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Shanghai home prices rise in first half

INADEQUATE supply coupled with rising demand from both individual buyers and investors has pushed up home prices in Shanghai in the first six months of this year while investment in real estate development continued to drop, a senior government official said today.

New property prices stood at 13,918 yuan (US$2,037) per square meter on average between January and June in the city, an increase of 2.8 percent compared with the average price in the same period last year. Meanwhile, second-hand properties were sold at 11,793 yuan per square meter during the same period, up 9.1 percent from the 2008 average, Liu Haisheng, director of the Shanghai Housing Guarantee and Administration Bureau, said at a municipal conference today.

``The problem of insufficient supply of both new and existing homes has become notable in the first half of this year amid growing demand,'' Liu said. ``In particular, the number of home buyers from other provinces as well as overseas has picked up significantly since mid April.''

Supply of new homes, excluding those designated for relocated residents under urban redevelopment plans, reached 5.45 million square meters in Shanghai in the first six months, compared with 6.23 million square meters in the same period a year earlier, according to statistics released by E-House (China) Holdings Ltd.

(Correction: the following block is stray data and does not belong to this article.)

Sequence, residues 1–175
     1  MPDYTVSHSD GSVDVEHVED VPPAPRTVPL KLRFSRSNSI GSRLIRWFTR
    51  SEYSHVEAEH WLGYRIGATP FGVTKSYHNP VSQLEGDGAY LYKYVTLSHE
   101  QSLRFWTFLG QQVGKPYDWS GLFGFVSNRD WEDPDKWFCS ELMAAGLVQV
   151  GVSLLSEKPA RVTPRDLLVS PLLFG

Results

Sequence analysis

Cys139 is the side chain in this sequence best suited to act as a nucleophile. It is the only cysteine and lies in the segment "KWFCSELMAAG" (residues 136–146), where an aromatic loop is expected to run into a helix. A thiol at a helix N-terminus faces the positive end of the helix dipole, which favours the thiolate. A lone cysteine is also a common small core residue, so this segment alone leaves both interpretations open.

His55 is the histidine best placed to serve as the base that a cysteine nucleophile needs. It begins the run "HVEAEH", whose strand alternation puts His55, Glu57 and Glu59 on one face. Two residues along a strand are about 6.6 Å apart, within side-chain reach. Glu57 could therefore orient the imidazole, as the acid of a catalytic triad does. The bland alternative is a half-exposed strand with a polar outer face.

However, sales of new houses jumped 35 percent to 14.43 million square meters while existing properties sold during the same period soared 61 percent to 11.75 million square meters, Liu said, citing information from the Shanghai Statistics Bureau.
In terms of investment, however, a total of 62.4 billion yuan was thrown into real estate development in the first six months in Shanghai, a year-on-year decline of 3.1 percent.

To ensure a healthy housing market, the city government will further accelerate its pace in the development of large-size residential communities in the second half of this year to build more affordable housing for mid to low-income families.

Under an earlier released government plan, 15 large-size residential communities - six designated for budget homes and nine for mid to low-priced ordinary houses - will be established across the city over the coming years.

Moreover, the industry watchdog will also introduce more land plots for residential use to help raise home supply, Liu said.


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